There is an interesting connection between learning math and science, and learning a sport. When you learn how to swing a golf club, you perfect that swing from lots of repetition over a period of years. Your body knows what to do from a single thought—one chunk—instead of having to recall all the complex steps involved in hitting a ball.
In the same way, once you understand why you do something in math and science, you don’t have to keep re-explaining the how to yourself every time you do it. It’s not necessary to go around with 25 marbles in your pocket and lay out 5 rows of 5 marbles again and again so that you get that 5 x 5 = 25. At some point, you just know it fluently from memory. You memorize the idea that you simply add exponents—those little superscript numbers—when multiplying numbers that have the same base (104 x 105 = 109). If you use the procedure a lot, by doing many different types of problems, you will find that you understand both the why and the how behind the procedure very well indeed. The greater understanding results from the fact that your mind constructed the patterns of meaning. Continually focusing on understanding itself actually gets in the way.
I learned these things about math and the process of learning not in the K-12 classroom but in the course of my life, as a kid who grew up reading Madeleine L’Engle and Dostoyevsky, who went on to study language at one of the world’s leading language institutes, and then to make the dramatic shift to become a professor of engineering.
As a young woman with a yen for learning language and no money or skills to speak of, I couldn’t afford to go to college (college loans weren’t then in the picture). So I launched directly from high school into the Army. I had loved learning new languages in high school, and the Army seemed to be a place where people could actually get paid for their language study, even as they attended the top-ranked Defense Language Institute—a place that had made language- learning a science. I chose Russian because it was very different from English, but not so difficult that I could study it for a lifetime only to perhaps gain the fluency of a 4-year-old. Besides, the Iron Curtain was mysteriously appealing—could I somehow use my knowledge of Russian to peer behind it?
After leaving the service, I became a translator for the Russians on Soviet trawlers on the Bering Sea. Working for the Russians was fun and engrossing—but it was also a superficially glamorous form of migrant work. You go to sea during fishing season, make a decent salary while getting drunk all the time, then go back to port when the season’s over and hope they’ll rehire you next year. There was pretty much only one other alternative for a Russian language speaker—working for the National Security Agency. (My Army contacts kept pointing me that way, but it wasn’t for me.)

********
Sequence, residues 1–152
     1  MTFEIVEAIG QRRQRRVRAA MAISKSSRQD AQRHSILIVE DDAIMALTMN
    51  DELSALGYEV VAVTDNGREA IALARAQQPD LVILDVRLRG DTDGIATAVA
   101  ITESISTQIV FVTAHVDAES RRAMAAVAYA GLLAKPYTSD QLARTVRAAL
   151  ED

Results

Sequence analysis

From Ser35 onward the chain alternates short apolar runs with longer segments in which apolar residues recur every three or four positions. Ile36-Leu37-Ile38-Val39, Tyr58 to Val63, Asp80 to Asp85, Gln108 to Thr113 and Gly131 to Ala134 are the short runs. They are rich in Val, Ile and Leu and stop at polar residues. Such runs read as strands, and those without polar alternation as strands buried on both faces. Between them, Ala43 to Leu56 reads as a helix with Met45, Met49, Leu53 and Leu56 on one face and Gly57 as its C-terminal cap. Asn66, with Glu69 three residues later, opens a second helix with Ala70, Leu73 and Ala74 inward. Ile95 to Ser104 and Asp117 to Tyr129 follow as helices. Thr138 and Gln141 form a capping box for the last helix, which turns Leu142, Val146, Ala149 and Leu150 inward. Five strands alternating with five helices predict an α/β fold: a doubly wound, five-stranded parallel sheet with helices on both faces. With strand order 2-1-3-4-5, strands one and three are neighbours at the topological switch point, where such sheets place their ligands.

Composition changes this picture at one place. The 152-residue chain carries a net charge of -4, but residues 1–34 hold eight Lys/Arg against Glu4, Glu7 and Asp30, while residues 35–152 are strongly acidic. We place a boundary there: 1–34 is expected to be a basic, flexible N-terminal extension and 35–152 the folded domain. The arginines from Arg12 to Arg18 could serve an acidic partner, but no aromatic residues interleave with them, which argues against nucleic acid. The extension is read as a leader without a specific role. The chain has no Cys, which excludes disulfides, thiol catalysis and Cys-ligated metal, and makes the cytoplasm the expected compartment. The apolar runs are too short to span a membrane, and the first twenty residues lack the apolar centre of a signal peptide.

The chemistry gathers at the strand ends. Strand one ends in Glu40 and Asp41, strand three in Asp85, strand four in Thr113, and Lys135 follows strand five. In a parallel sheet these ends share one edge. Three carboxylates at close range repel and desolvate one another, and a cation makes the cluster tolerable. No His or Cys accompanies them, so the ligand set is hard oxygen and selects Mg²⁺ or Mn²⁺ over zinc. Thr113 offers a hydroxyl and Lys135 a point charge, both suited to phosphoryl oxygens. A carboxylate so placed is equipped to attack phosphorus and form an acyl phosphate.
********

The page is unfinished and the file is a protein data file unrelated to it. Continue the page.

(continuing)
I began to realize that while knowing another language was nice, it was also a skill with limited opportunities and potential. People weren’t pounding down my door looking for my Russian declension abilities. Unless, that is, I was willing to put up with seasickness and sporadic malnutrition out on stinking trawlers in the middle of the Bering Sea. I couldn’t help but reflect back on the West Point-trained engineers I’d worked with in the Army. Their mathematically and scientifically based approach to problem-solving was clearly useful for the real world—far more useful than my youthful misadventures with math had been able to imagine.
So, at age 26, as I was leaving the Army and casting about for fresh opportunities, it occurred to me: If I really wanted to try something new, why not tackle something that could open a whole world of new perspectives for me? Something like engineering? That meant I would be trying to learn another very different language—the language of calculus.
You go to sea during fishing season, make a decent salary while getting drunk all the time, then go back to port when the season’s over.
With my poor understanding of even the simplest math, my post-Army retraining efforts began with not-for-credit remedial algebra and trigonometry. This was way below mathematical ground zero for most college students. Trying to reprogram my brain sometimes seemed like a ridiculous idea—especially when I looked at the fresh young faces of my younger classmates and realized that many of them had already dropped their hard math and science classes—and here I was heading right for them. But in my case, from my experience becoming fluent in Russian as an adult, I suspected—or maybe I just hoped—that there might be aspects to language learning that I might apply to learning in math and science.